Did you think I would say "spend money like the rich?" Then you need to think again. Rich people do not get rich spending money frivolously. Usually the conspicuous consumers amongst the rich are those with what we call Family Money, which is far different from the rich who worked hard for what they have.

Moving ever onward.

California is the fifth largest economy in the world. However, we can't seem to balance our budget, and we never have enough money. In fact, the money came close to running out last month, but we were rescued by other loans. Some propositions might be good ideas, others might be bad, but they usually have one thing in common and that is this little thing called a dollar sign. Propositions are often nothing but a chance to issue bonds that will be paid back at some hazy date in the future. Bonds are also known as debt.

And California pays these debts, by the way, by borrowing additional funds into one gigantic, unfathomably large debt snowball.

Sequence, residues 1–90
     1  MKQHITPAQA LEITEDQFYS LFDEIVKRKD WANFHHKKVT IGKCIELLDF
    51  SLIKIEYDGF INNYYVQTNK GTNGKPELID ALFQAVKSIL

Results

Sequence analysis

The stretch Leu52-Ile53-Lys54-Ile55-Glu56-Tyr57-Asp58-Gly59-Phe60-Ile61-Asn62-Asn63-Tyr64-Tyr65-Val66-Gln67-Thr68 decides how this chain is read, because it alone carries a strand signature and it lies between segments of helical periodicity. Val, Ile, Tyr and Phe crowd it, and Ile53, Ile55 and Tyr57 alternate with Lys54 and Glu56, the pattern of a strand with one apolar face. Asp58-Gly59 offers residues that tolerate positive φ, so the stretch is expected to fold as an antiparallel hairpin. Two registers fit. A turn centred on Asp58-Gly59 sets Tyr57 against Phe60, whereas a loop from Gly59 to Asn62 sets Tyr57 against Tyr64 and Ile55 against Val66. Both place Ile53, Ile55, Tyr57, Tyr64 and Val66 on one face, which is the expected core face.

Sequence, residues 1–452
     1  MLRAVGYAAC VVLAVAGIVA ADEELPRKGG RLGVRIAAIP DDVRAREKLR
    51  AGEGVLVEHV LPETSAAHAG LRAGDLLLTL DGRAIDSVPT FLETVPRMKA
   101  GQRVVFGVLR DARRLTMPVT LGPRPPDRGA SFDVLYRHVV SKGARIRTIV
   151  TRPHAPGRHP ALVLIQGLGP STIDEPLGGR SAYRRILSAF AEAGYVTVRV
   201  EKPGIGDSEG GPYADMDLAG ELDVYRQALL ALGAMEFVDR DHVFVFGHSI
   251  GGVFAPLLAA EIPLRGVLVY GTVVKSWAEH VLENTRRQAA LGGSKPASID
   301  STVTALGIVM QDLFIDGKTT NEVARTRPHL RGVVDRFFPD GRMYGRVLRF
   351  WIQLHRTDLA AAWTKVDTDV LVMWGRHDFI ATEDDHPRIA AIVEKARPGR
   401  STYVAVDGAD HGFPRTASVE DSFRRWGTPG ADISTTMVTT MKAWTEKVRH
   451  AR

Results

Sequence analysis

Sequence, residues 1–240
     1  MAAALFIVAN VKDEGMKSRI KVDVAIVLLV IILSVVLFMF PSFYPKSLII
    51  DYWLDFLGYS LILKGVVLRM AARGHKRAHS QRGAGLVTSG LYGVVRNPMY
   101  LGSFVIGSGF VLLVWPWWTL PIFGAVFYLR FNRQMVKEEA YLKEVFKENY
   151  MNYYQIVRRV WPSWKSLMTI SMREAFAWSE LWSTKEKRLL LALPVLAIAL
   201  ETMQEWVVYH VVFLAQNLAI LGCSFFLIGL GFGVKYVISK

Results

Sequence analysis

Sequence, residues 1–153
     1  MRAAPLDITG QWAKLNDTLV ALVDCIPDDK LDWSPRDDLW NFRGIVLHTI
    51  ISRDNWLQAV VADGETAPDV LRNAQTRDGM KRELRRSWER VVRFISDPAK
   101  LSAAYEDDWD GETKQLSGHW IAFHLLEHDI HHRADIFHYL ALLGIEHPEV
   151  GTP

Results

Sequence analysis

Debt is debt whether the cause at hand seems good or bad and there really is a sense in which we are mortgaging our children's future.

And then there are the moral issues. Take Proposition 8 here in California. This is, I think, as significant an issue as Roe v. Wade was in its time. If you live in California, at least go vote for Prop 8. Proposition 8 matters on a couple levels. First is the people's relationship with the Courts. Here in California, a law was already passed, but the Court overruled the people by discovering a new right hidden within the California State Constitution. Proposition is very much an act of the people overruling the Court once and for all. This will finally set some sort of precedent for holding the Courts accountable.

The Courts generally hold us all hostage because they wield power without any accountability. We were intended to have checks and balances in this nation, but I have never heard of the executive or legislative branches attempting to balance the unchecked power of the Courts.

In 1828, Noah Webster offered this definition of marriage: